When Marcelo Rodrigues Nogueira, a postdoctoral researcher in biology at the State University of Northern Rio de Janeiro first saw the bat twins, he was "completely astonished," he wrote in an email to Live Science. "I have handled many bats [in my career], some with very impressive morphological characters (and bats are very special in this respect!), but none [were as] surprising as these twins." [See Photos of the Rare Conjoined Bats Found in Brazil]
Only two other pairs of conjoined bat twins have been reported in the scientific literature, one in 1969 and another in 2015.
Although it's not known exactly what causes identical twins to be conjoined, the phenomenon is known to occur when a fertilized egg splits too late. If an egg splits four to five days after being fertilized, two separate identical twins will form. If, however, the splitting doesn't occur until 13 to 15 days after fertilization, the fertilized egg will only separate partially, and the twins will be conjoined.
The researchers first became aware of the conjoined bats after the animals were donated to the Laboratory of Mastozoology at the Rural Federal University of Rio de Janeiro. No one from Nogueira's team, which includes embryologists Nadja Lima Pinheiro and Adriana Ventura from the Area of Embryology at the Rural Federal University of Rio de Janeiro, saw the twins right when they were found. Because of this, the scientists, aren't certain if the twins were stillborn or if they had died shortly after birth.
The bats, found under a mango tree in southeastern Brazil in 2001, are dicephalic parapagus conjoined twins, which means they're oriented side by side with their whole trunks conjoined. X-rays revealed that the twins' spines form a "Y" shape, with two separate columns of vertebrae branching off at the lower back. Ultrasound images also revealed two hearts of equal size that researchers suspect are separate, the scientists said.
Since most bats have only one pup per litter, finding even nonconjoined bat twins is rare. In the five years Daniel Urban, a postdoctoral research associate in evolutionary developmental biology at the University of Illinois at Urbana-Champaign, has been studying bats, he's only ever seen a single pup flying around or hanging onto its mother, he told Live Science. Urban was the lead author of the 2015 study on conjoined bat twins that was published in the journal Acta Chiropterologica.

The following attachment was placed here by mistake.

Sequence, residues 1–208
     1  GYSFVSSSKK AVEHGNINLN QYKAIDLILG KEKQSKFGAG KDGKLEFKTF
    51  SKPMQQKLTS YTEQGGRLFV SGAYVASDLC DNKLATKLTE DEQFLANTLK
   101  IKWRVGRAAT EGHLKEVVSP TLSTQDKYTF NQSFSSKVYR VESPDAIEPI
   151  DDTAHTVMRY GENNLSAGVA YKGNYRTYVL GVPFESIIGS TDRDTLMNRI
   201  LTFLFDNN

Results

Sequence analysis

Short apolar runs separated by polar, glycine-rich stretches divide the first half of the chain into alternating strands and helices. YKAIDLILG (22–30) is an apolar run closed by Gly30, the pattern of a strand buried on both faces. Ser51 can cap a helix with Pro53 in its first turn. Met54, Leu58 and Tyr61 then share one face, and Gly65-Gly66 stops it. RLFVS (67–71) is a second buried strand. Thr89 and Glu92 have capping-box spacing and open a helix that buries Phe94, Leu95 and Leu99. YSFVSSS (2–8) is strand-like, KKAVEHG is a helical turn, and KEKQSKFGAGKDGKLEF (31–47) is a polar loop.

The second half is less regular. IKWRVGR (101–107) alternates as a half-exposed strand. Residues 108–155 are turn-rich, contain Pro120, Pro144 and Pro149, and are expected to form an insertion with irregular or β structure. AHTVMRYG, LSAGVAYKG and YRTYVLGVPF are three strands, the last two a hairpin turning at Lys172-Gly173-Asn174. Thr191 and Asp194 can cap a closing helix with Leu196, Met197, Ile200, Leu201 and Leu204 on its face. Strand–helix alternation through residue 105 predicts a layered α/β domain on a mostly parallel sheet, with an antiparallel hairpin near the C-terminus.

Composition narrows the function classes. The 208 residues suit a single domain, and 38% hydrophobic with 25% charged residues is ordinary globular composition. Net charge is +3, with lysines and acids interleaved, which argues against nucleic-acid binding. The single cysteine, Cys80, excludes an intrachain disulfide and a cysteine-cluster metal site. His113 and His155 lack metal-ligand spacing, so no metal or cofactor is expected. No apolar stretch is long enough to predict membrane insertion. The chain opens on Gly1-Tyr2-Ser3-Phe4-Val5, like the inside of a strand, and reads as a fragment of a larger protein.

It's even harder to find bat twins that are conjoined. But this doesn't mean conjoined twins are rarer in bats than in any other mammals, according to Scott Pedersen, a professor of biology and microbiology at South Dakota State University, who was not involved in the new study. It's just that humans find out about conjoined bats less often than they find out about other conjoined animals, he told Live Science in an email. [Image Gallery: Evolution's Most Extreme Mammals]
Even if conjoined bats are alive when they are born, it's likely that they'll die soon after, because their bodies can't sustain them, Pedersen said. Bats also tend to live in places humans aren't located, which means even if a person were to venture into a bat's domain, the person would need to find the conjoined bats before they degraded or were scavenged.
This is only made more unlikely by the fact that bats are nocturnal, said Urban. If a mother gives birth to conjoined bats during the day, it will likely be in a protected roost, which means people wouldn't see them. She may give birth while she's out in the open, but that would occur only at night, when the twins would be obscured by darkness, Urban said.
"If you combine all these factors together, it's amazing we even have any [conjoined bat twins]," he added.
Although little is known about the organs of the recently discovered conjoined bat twins, the researchers have opted not to use any invasive methods to further investigate the animals' bodies.
"It's so rare and precious that you find something like this, you don't want to do any type of destructive sampling to look further. You're, of course, very curious about it, but they're a one-shot deal so, for the most part, they're held onto until the future where a newer technology will allow us to pursue it further without completely damaging what we already have," Urban said.
The new study was published online June 16 in the journal Anatomia Histologia Embryologia.
Original article on Live Science.
Live Science newsletter
Stay up to date on the latest science news by signing up for our Essentials newsletter.